Linked by David Adams on Sun 11th Jul 2010 18:54 UTC
Internet & Networking There's an article today at abc.com that looks at recent trends around net-based pay-for services and the smattering of paywalls from News Corp to the NYT that are up or threatening to be put up, and speculating that this could be the beginning of a trend. Of course, a YouTube video rental site and a few large publishers putting up paywalls will make zero difference to the "free internet" on their own. But if they're successful, it could spark emulation. But could this be a trend that could snowball enough to change the nature of the net?
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RE: information wants to be free
by vodoomoth on Mon 12th Jul 2010 14:30 UTC in reply to "information wants to be free"
vodoomoth
Member since:
2010-03-30

Wonder how the porn industry has changed over time. How many provided subscriptions 10-15 years ago compared to today?

Are you saying that 10-15 years ago most were free and now most are not?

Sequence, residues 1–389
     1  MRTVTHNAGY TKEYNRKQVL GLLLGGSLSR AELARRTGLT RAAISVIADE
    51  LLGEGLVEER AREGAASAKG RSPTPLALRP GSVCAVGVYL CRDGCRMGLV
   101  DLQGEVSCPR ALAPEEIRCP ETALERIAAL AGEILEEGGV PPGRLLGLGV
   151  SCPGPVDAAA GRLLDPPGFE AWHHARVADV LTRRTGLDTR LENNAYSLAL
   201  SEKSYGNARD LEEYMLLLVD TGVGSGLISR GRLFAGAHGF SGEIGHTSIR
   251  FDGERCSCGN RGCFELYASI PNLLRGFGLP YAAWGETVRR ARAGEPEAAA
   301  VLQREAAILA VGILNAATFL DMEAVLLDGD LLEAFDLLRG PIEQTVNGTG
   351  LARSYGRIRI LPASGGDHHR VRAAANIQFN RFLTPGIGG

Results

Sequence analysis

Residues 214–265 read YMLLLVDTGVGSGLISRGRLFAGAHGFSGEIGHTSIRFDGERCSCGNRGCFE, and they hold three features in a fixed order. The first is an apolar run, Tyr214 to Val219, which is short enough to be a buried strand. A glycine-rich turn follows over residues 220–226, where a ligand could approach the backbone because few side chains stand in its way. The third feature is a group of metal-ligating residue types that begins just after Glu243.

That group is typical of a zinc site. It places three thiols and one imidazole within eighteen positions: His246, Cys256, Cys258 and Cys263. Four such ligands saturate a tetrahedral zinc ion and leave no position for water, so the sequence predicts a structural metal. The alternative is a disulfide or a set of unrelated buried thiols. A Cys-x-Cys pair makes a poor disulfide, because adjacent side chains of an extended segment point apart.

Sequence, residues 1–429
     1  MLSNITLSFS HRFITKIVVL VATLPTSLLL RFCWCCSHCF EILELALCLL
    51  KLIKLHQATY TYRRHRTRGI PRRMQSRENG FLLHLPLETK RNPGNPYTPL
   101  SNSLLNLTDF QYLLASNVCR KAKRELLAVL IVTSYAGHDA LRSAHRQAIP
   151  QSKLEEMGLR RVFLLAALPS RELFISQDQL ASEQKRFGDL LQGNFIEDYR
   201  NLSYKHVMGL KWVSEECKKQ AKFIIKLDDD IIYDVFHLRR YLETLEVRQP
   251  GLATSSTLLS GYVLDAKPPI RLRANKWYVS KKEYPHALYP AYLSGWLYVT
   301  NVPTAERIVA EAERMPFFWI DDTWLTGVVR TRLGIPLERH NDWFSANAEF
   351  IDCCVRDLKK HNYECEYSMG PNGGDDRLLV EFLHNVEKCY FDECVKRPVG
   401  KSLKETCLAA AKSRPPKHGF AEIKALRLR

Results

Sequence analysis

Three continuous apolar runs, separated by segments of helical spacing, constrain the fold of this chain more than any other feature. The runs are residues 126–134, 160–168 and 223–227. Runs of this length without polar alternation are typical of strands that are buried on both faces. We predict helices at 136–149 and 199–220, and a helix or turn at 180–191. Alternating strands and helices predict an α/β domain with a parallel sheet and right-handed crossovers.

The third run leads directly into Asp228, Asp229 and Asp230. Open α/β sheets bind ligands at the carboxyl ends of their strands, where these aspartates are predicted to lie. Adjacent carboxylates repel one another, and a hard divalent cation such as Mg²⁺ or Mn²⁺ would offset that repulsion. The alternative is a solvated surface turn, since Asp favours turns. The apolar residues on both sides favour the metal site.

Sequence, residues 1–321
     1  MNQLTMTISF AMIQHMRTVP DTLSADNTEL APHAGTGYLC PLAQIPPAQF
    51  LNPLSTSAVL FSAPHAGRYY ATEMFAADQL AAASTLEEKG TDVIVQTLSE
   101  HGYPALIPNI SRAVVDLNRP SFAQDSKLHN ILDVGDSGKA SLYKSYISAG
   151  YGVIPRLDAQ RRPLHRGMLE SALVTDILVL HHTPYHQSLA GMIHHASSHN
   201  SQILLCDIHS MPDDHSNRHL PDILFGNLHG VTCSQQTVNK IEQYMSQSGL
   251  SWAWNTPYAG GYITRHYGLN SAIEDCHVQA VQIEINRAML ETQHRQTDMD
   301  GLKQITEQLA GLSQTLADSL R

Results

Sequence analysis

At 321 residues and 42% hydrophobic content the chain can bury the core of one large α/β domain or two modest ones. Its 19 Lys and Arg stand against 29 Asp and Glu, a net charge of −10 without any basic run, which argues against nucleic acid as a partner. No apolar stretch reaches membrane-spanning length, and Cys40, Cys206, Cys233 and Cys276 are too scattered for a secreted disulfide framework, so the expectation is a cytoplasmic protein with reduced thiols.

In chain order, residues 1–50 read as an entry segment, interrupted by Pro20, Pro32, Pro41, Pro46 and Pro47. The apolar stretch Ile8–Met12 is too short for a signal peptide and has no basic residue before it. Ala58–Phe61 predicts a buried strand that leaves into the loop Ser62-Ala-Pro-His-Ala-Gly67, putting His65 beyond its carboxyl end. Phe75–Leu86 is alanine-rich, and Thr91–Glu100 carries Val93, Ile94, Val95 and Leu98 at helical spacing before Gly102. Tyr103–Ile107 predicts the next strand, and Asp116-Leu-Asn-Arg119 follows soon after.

If so, it was probably in its infancy, there were enthusiastic webmasters and proud amateurs sharing their feats. Until they realized the money they could make. So why say no to that financial manna when it's there and only waiting to be harvested?

Porn is probably not the only industry in that situation.

If so, I concur and give the specific example of dating sites: this week-end (i.e. two days ago), I was on a classified ads site and I came across an ad for adultfriendfinder.com that was touting "100% gratuit" (which is "100% free"). Guess what? Creating an account is indeed 100% gratis but you can't do anything, not even view a profile without paying. And I wondered why I should pay 100+ € for a service I didn't know anything about 10 minutes earlier and that I can't even try.
The same practices can also be found on meetic and ulla and these didn't encourage me to spend more than 5 minutes on the website.

I remember some of my student years around 2000-2003 where free dating sites were maybe not the norm here in France but they were frequent. Then meetic came out of a dark closet, bought competitors, had partnerships with others (like Yahoo's dating service, I forgot the name) and ended up having built a stronghold of monopoly.

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